Everyone said I needed to visit the hall of fame, and being that it was in Downtown Nashville, it was totally do-able. The building is massive, to say the least, and has some lovely architecture.

I took my time browsing the exhibits, learning about the past and present stars of country. This isn't a place that features only hall of famers; rather it has exhibits and memorabilia from anyone who impacted the genre. Even Elvis had a part, as the museum had his gold piano and a Cadillac he once owned (complete with a corded phone attached to the floor). Though usually known as a rock n roller, different music genres affected each other. There was plenty of Johnny Cash, and a featured exhibit about Bob Dylan's time recording music in Nashville.

After visiting the Country Museum Hall of Fame, I wandered around downtown. Just outside the museum, the tent setup was beginning for the Country Music Awards, which were set to take place the following week. It was a really nice area, with lots of shops and bars blasting country music. The weather was perfect - right in the 70's. I got to enjoy the fall air and changing colors on the trees as I walked. I spent some time browsing shops, looking for gifts to bring back home. 

This place is a neat one that would nicely into any city. It's located right near the hockey arena, which is adjacent to the Hall of Fame. I needed a quiet place for dinner and a drink after a busy day filled with work and exploration. They were one of the few places not blasting music so loud I couldn't think straight (those locations are reserved for special occasions), and to seal they deal, they had a 3 story building with rooftop seating.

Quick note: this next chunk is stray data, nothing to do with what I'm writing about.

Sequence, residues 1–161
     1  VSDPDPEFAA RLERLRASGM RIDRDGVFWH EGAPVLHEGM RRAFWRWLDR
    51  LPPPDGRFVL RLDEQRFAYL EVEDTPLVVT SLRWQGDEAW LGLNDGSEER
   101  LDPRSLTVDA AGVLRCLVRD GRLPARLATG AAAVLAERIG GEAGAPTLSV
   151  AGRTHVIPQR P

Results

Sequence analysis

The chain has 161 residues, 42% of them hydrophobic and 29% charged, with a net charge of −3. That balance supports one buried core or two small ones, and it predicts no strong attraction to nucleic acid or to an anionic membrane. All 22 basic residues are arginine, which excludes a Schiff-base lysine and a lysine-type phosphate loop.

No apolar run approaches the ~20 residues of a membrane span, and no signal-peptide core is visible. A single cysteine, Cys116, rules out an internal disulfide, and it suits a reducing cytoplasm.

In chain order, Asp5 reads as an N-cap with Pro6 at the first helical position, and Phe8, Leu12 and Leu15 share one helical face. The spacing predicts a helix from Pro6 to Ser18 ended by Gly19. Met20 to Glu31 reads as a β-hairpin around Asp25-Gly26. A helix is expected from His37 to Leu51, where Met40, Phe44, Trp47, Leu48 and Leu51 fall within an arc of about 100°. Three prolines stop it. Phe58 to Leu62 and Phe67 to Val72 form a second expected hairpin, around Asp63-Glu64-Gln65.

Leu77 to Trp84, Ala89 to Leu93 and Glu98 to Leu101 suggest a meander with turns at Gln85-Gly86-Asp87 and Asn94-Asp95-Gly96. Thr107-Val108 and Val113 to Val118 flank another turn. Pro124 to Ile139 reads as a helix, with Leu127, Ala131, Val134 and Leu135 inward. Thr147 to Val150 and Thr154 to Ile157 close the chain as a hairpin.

I sat for a while in the early evening, watching the city lights come on as the sunlight faded. The menu had some interesting choices, with my choices torn between a steak sandwich and a lamb burger. The burger won (Have I mentioned yet that the Greek in me has been delighted this whole trip?). Besides lamb being a Greek staple, I have never encountered a lamb burger before and who knew when I would again?

I ordered a salad to go with it, topped with a white balsamic vinaigrette dressing. Um, YUM. But let's focus on the burger. The burger was topped with feta cheese, tzatziki, along with the standard tomato, onion, and lettuce. Whoever thought of this combo was so smart. It was like a gyro in the form of a burger, and I loved it.

Hattie B's Hot Chicken